Although two weekend house fires are not believed to be Christmas decoration related, every year we seem to experience one or two serious fires this time of year.

Don't let this Christmas season turn to tragedy. Festive lighting, windowsill candles and ornamented Christmas trees are staples of the holidays, but these decorative items also pose a fire risk if handled improperly.

Every year we read reports of house fires related to improper installation of Christmas decorations.

On average, one of every 18 reported home Christmas tree fires result in a death, compared to an average of one death per 141 total home fires.

Decorative holiday lighting was involved in an estimated average of 150 home fires per year during the past few years. These fires caused about $8.5 million in property damage per year.

Local and national fire protection agencies annually put out a list of tips to help avoid a fire in your home.

For safe holiday decorating choose decorations that are flame resistant or flame retardant and keep lit candles away from decorations and other things that can burn. Check the packaging; some lights are only for indoor use and bring outdoor electrical lights inside after the holidays to prevent hazards and make them last longer.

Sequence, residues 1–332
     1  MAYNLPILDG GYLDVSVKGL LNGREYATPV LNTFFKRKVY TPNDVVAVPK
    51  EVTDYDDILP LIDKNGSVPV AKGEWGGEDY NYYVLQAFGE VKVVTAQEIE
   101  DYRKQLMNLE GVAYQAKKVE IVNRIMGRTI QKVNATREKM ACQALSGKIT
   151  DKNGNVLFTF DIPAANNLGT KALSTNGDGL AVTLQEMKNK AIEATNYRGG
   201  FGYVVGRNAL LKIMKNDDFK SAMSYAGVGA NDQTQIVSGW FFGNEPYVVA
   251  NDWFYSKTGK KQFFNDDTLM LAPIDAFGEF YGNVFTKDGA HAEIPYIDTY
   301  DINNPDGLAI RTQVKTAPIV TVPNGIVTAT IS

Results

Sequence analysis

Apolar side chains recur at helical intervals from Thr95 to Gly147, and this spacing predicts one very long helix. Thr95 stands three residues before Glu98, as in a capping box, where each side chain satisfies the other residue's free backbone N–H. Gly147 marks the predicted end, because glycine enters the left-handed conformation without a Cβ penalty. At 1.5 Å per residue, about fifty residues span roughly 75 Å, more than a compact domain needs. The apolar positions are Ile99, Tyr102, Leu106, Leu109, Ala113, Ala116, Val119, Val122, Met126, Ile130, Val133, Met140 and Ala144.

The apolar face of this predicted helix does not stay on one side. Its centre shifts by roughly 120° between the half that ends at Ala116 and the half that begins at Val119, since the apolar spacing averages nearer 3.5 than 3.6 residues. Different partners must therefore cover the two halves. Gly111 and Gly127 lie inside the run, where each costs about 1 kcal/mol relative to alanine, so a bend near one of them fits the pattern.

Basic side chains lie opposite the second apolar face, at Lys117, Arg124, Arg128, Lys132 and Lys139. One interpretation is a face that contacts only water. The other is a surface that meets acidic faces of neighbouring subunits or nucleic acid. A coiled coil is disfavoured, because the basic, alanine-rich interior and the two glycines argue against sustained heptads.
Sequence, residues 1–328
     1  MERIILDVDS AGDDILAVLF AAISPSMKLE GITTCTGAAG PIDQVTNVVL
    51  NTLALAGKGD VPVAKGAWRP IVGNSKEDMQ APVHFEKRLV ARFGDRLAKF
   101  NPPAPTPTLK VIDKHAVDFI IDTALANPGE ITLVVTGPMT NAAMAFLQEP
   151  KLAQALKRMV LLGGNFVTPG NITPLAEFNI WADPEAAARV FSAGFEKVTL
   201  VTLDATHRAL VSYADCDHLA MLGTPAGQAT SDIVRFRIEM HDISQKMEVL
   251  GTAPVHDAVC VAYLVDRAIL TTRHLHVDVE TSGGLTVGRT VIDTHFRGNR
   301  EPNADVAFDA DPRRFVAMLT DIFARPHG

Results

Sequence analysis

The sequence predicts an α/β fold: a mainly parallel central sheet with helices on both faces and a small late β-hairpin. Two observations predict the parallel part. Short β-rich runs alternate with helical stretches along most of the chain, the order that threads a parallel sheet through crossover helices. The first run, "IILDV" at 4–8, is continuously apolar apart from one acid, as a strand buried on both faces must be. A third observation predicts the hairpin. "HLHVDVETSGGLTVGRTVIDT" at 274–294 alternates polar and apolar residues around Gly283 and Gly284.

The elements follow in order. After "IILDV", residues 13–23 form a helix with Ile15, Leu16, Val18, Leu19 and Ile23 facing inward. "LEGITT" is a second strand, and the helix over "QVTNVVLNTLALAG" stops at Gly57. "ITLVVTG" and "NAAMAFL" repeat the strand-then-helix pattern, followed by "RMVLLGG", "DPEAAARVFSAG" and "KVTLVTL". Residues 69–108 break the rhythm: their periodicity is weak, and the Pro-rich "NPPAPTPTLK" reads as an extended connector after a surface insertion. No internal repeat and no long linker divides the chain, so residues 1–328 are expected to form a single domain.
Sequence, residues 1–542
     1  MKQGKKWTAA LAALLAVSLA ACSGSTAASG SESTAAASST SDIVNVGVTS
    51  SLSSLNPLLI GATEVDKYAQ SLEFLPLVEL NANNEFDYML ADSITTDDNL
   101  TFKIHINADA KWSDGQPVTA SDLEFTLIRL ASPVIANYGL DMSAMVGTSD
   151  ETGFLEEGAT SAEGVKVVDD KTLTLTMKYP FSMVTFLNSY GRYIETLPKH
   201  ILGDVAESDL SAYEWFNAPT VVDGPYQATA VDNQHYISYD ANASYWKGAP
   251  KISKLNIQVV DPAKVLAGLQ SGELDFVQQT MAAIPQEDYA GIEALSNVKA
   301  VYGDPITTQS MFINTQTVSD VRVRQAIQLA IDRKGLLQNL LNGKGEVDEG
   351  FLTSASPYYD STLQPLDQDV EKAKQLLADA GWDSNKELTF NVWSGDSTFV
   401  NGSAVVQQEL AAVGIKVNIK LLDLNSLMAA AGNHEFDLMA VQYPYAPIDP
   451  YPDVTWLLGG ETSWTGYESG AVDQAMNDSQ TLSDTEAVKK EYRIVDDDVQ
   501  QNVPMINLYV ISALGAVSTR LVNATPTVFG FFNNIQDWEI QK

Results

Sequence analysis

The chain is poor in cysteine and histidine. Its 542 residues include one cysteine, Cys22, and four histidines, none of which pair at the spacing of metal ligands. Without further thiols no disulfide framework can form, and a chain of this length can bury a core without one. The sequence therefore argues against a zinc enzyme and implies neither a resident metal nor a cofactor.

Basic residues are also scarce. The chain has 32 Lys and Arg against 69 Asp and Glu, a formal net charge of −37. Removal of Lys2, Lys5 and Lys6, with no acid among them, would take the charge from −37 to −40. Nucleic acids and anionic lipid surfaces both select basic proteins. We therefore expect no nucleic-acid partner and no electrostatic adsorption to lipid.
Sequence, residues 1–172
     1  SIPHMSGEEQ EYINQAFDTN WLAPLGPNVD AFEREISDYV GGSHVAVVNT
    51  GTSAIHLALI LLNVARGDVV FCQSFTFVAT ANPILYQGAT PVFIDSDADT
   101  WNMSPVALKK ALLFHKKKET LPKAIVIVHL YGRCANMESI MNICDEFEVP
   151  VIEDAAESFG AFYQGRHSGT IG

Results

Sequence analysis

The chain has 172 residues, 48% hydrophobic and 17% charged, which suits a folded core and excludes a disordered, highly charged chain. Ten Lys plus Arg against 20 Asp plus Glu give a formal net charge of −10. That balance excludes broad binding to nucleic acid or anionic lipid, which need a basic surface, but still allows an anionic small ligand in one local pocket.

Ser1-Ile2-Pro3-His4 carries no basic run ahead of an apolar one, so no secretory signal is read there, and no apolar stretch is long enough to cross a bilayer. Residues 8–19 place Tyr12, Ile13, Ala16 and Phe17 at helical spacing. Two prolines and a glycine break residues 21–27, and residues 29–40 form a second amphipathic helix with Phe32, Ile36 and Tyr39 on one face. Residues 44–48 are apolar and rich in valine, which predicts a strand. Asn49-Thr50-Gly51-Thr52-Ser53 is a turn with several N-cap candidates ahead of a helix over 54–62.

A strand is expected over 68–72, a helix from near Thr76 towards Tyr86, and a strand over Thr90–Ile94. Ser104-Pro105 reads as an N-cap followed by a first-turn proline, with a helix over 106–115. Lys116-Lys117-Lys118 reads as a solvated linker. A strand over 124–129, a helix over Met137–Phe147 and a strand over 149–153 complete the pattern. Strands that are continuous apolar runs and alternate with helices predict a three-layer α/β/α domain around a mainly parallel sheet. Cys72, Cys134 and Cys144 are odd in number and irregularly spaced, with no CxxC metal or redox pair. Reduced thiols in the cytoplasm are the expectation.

Replace any string of lights with worn or broken cords or loose bulb connections and connect no more than three strands of mini light sets and a maximum of 50 bulbs for screw-in bulbs. Use clips, not nails, to hang lights so the cords do not get damaged, and keep decorations away from windows and doors.

For proper Christmas tree safety, keep your tree well watered.  A dry tree can be extremely dangerous. Never use lit candles to decorate the tree and always turn off Christmas tree lights before leaving home or going to bed. Finally, don't leave a dry tree in your home after Christmas. Check with your city or town to find out ways to dispose of your tree.

Enjoy the lights of the Christmas season, but please be careful when setting decorations up.